Will Decriminalization of Sex Work Become the Next Anti-Regulation Battle?

Oct 8, 2015
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When asked how the criminalization of sex work hurts sex workers, writer and dominatrix Mistress Matisse does not mince words.

“We all get arrested,” she says. “The idea that being arrested is helpful to someone – really, that people have been able to pull that idea off – is a masterful bit of sort of double speak. Because, no, no one is helped by being arrested.”

The Decriminalization of Sex Work

In August, Amnesty International voted that the best policy to protect sex workers is the full decriminalization of consensual sex work. While the recommendation was met with disapproval by many, including celebrities known for feminist activism such as Meryl Streep and Lena Dunham, it also served as a mainstream wake-up call about the dangers of the current legislation in the U.S.

“There is this big dragnet of laws that are seemingly intended to protect society or to protect even people engaged in the sex trade,” says Katherine Koster, communications director for SWOP-USA, the Sex Worker Outreach Project. “But what ends up happening is that these laws are often used to criminalize people involved in the sex trade themselves.”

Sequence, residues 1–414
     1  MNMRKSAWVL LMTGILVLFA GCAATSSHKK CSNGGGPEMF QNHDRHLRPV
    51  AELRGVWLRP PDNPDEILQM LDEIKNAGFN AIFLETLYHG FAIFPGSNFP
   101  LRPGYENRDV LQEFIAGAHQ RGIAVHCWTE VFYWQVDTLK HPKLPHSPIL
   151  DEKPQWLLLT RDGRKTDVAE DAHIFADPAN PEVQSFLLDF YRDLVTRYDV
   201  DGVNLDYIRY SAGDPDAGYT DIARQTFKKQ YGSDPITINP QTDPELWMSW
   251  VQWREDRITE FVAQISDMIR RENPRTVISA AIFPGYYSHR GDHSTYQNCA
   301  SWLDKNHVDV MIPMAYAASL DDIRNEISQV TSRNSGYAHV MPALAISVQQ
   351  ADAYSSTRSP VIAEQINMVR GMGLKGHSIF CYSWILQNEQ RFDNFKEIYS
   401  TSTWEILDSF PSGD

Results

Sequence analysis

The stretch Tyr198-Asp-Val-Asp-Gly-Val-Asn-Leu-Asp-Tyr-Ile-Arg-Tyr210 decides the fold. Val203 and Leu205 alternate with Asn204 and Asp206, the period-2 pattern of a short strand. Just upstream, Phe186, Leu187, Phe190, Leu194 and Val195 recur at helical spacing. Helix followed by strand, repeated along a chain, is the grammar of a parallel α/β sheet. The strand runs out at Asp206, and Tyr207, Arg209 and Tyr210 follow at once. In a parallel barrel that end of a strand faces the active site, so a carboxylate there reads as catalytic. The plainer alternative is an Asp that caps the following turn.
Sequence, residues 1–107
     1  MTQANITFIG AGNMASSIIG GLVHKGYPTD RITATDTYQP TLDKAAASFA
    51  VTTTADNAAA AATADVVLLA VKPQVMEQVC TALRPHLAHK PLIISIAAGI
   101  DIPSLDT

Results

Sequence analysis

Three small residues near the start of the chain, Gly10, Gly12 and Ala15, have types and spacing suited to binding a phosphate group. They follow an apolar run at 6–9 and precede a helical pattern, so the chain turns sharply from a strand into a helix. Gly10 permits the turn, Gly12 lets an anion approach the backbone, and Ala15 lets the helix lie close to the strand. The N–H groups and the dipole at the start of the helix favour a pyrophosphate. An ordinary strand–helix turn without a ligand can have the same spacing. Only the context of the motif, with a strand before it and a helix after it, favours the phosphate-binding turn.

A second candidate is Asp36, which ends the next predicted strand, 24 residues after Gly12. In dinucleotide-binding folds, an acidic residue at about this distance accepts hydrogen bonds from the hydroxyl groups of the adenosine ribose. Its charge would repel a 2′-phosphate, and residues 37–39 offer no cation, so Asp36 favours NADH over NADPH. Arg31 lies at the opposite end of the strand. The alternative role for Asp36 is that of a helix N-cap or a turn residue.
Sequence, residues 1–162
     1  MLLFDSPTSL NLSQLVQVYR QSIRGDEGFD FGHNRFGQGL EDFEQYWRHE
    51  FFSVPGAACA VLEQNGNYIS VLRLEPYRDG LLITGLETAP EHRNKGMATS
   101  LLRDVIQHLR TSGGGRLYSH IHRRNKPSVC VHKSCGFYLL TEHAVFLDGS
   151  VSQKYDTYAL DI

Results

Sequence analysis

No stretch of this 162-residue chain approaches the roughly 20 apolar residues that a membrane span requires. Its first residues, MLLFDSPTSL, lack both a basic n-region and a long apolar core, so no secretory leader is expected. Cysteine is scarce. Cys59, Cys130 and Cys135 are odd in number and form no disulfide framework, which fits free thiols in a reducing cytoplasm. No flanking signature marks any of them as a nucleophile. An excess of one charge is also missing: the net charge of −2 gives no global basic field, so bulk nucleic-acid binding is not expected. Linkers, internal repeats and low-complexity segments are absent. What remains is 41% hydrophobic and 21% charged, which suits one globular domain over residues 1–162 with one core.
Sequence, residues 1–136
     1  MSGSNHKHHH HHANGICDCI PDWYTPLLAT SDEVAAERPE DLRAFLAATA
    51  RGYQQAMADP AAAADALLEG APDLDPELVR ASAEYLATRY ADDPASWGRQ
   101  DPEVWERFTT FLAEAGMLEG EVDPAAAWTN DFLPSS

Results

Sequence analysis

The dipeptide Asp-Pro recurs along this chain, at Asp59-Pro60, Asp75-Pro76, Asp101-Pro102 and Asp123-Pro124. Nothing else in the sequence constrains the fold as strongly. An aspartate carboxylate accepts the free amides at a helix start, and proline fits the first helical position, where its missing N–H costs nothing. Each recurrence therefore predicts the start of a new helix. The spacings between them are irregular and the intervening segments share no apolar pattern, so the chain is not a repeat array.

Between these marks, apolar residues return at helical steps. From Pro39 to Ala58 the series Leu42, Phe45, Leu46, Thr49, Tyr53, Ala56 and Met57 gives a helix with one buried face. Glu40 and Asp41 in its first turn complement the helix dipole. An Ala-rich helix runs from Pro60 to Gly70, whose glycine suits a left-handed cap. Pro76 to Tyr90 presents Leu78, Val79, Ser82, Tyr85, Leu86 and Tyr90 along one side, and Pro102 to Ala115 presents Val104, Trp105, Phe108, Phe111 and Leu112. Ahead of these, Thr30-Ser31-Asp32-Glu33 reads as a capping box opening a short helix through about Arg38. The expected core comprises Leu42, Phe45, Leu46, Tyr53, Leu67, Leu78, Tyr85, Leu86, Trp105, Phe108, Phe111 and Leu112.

The still-in-progress effort to legalize marijuana is grounded in similar beliefs. The argument, which has united libertarians and the left, is that purchasing marijuana should be a decision adults can freely make. The criminalization of this increasingly mainstream practice has been argued to drain police and government resources without results and disproportionately affect people of color. Right now, the use and sale of marijuana in the U.S. is still illegal under federal law, but can be made legal by individual states. Recreational pot is legal in four states – Colorado, Alaska, Washington and Oregon – and medicinal marijuana is legal in 20 others.

Current laws regarding sex work can be seen as the criminalization of an exchange between consenting adults. However, Nevada is currently the only state in the U.S. that allows for the legal exchange of sexual service, legalizing prostitution in regulated brothels (as opposed to decriminalization, as argued for by most sex work activists).

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